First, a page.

Holiday decorations in North America are often symmetrical: Two candles on either side of the mantel, a round wreath in the centre of the door, a centerpiece with matching sprigs of holly and pine on each side.
The ancient Japanese art of ikebana, or flower arranging, can provide festive sparkle and colour, too, with a much more modern feel.
“The three basic tenets are line, movement and open space,” said Eileen Kay, a retired elementary-school teacher in Boulder, Colorado, who has been studying ikebana for years. “Most people go to the store and buy a bunch of flowers. But there’s no line. The line could be a piece of ivy, a ribbon, anything that lends itself to visual flow.”
Mastering ikebana requires years of training, and there are many methods of approaching the art. The Sogetsu school of flower arranging, one of the largest and most accessible, teaches that anyone can arrange ikebana and with almost anything.
Even for the uninitiated, a few basic tools and principles are sufficient to begin experimenting at home with this different esthetic – just in time for holiday decor.
“The biggest difference between Western arrangements and ikebana is asymmetry,” said Kimi Quinn, a Sogetsu-certified practitioner who has been designing ikebana arrangements in the U.S. and Japan for over 20 years. “Ikebana is about capturing the universe and nature. Nothing in the natural world is symmetrical.”
In ikebana, the empty space between branches is as important as the branches themselves.
“It’s like that Zen question asking about the sound of one hand clapping. The answer is silence. Space,” Quinn said.
Many ikebana arrangements mix and match tall tree branches and much smaller flowers with no perfectly vertical or horizontal lines, plenty of space in between and, if a low dish is used, the water often in view.
To begin, all that’s needed is a heavy pin board (kenzan) or a block of flower-arranging sponge, available at craft and floral-supply stores, and a low salad bowl or platter. The container should be filled with just enough water to barely cover the pin board or sponge.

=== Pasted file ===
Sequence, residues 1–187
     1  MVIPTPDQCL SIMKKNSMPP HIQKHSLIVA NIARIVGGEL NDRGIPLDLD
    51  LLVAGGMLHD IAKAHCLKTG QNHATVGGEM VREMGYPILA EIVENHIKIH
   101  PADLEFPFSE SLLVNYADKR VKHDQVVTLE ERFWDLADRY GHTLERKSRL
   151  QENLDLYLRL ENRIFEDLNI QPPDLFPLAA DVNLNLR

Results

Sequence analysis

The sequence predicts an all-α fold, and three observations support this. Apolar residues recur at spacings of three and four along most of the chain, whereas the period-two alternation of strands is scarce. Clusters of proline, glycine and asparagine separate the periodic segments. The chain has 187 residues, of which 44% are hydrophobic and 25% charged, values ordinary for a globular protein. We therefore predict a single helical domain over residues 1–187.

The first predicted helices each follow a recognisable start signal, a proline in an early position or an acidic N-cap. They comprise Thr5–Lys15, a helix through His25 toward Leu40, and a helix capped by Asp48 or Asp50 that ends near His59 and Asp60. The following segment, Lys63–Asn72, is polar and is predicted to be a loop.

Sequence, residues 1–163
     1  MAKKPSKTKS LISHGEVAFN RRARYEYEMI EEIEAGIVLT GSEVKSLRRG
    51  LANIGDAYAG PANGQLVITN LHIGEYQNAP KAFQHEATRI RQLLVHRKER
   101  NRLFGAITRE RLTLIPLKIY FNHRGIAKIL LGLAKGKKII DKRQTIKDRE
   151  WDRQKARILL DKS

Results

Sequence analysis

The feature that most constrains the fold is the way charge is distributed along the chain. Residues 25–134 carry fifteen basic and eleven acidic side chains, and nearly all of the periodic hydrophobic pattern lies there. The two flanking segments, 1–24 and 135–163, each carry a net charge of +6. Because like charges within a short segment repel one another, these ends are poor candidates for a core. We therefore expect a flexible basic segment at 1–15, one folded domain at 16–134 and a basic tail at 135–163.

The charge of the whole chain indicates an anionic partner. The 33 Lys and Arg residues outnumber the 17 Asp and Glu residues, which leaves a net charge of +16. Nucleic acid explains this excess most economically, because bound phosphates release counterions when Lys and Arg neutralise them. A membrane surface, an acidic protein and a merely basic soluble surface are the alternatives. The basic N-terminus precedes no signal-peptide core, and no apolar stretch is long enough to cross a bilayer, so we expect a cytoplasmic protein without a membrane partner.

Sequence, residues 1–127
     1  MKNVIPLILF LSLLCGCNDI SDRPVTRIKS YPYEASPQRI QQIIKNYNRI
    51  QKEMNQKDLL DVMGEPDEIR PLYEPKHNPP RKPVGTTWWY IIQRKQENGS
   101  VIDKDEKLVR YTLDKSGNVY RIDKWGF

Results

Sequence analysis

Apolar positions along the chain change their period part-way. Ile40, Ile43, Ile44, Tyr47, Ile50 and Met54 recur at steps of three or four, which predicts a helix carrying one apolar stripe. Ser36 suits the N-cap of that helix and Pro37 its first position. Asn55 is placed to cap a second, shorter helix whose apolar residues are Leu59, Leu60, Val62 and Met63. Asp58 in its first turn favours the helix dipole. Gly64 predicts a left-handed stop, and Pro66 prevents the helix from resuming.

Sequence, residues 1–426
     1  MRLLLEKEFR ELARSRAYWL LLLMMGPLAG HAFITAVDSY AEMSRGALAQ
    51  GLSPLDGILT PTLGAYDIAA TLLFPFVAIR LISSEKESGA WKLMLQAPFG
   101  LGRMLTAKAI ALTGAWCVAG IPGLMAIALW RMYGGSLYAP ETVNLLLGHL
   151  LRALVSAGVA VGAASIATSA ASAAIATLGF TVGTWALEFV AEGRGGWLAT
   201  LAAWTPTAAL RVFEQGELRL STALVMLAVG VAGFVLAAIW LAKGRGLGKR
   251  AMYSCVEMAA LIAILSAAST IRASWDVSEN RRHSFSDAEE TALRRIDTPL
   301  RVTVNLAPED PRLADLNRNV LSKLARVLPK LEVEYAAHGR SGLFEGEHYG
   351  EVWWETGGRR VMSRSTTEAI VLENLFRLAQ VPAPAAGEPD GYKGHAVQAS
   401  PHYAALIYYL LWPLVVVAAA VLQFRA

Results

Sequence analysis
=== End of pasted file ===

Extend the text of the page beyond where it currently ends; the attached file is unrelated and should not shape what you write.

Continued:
You might start with a decorative branch for a long defining line, a medium flower or branch and a shorter flower, and a large leaf or some other small flower to help cover the pin board.
For the holidays, bare branches painted silver, gold or white are a good choice, as are pine, holly or even red roses.
In general, “the longest stem should be twice as long as the container is wide,” Quinn said. “The medium stem should be around three-quarters the length of the longer branch, and the shorter stem should be around half the length of the medium stem.”
Before arranging the stems and branches, trim excess foliage, and trim the stems while they are submerged in water. They should be clipped at an angle for tree branches and straight across for flower stems, Quinn said.
“You don’t just stick them straight down into the pin board,” she said. “You angle them in different directions, some backward and others forward, to give some depth and perspective. Pay attention to the curve of the lines, and the spaces between the lines.”
Think about the beauty of the natural forms, and allow your personality and feeling to come through, Quinn said.
Ikebana displays typically last only three to five days.
“It’s so sad when they go because I’ve put so much heart into them,” Quinn said. “But appreciating that fleeting beauty is really the essence of what it’s all about.”